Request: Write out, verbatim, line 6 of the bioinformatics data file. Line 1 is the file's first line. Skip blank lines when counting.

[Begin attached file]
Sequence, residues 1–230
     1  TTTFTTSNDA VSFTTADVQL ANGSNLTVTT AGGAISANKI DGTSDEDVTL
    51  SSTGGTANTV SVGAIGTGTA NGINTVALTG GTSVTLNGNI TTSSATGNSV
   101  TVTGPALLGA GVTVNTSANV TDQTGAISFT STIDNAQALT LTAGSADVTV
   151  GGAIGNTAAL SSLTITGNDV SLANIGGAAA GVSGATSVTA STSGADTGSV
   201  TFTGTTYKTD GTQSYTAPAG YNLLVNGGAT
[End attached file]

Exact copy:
   201  TFTGTTYKTD GTQSYTAPAG YNLLVNGGAT